Elisabeth Hope Murray
The East India Trading Company (EITC) was one of the first companies to establish a monopoly over goods traded around the world. The EITC spread goods that were typically only found where they originated, such as tea, spices, and opium.
The Chinese had access to poppy before the EITC began importing it, and when China levied a ban on opium being imported China, the EITC ignored it and continued to profit off China’s opium addiction. The EITC, and Britain, saw the ban, and the actions taken by China to enforce the ban, as an act of war and reacted as such. This then lead to the first of the two Opium Wars. With the conclusion of each war, the EITC gained more access to open trade in China through the Treaty of Nanjing (First Opium War) and then the Treaty of Tianjin (Second Opium War).
While the Opium Wars did not lead to the fall of the EITC directly, the abuse shown to the Chinese people through the treaties that China was forced to sign at the end of both wars most definitely started it. A revolt broke out in the opium fields of India among the enslaved people there, and instead of the EITC giving into their demands, the EITC slaughtered them. This lead to Britain refusing to renew the EITC’s contracts of the monopolies that they held: first their foothold of trade control in Asia, more specifically China, and second their monopoly of the opium trade in India. This dried up the EITC’s resources as far as money, and ultimately led to their disbandment in 1857.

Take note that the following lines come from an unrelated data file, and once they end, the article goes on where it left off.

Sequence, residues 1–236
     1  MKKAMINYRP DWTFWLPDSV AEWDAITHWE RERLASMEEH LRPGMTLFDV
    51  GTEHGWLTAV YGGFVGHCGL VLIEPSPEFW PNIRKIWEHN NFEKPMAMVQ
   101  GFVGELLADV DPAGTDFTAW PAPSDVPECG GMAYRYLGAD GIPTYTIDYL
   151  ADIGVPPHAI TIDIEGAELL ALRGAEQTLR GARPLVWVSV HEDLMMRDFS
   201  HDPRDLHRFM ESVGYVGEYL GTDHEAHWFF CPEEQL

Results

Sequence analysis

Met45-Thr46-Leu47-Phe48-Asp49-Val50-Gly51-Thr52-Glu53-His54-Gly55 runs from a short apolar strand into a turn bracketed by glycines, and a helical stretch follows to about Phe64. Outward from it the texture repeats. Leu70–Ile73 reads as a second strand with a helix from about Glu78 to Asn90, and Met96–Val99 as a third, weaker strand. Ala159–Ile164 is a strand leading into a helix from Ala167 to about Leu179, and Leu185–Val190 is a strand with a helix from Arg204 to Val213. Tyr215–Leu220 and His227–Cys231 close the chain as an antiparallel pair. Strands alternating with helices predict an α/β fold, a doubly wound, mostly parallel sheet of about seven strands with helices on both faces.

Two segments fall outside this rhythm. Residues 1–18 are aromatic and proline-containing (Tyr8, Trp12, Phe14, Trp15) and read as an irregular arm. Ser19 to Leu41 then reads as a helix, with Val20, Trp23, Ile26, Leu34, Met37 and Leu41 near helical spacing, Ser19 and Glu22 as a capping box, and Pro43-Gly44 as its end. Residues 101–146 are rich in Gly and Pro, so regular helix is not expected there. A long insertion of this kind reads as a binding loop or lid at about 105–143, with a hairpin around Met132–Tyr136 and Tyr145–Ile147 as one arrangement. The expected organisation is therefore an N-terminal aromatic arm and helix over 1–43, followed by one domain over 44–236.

Scholarly Commons Citation
Barrett, C. (2017). The EITC’s Fall and the Opium Wars. , (). Retrieved from http://commons.erau.edu/student-works/9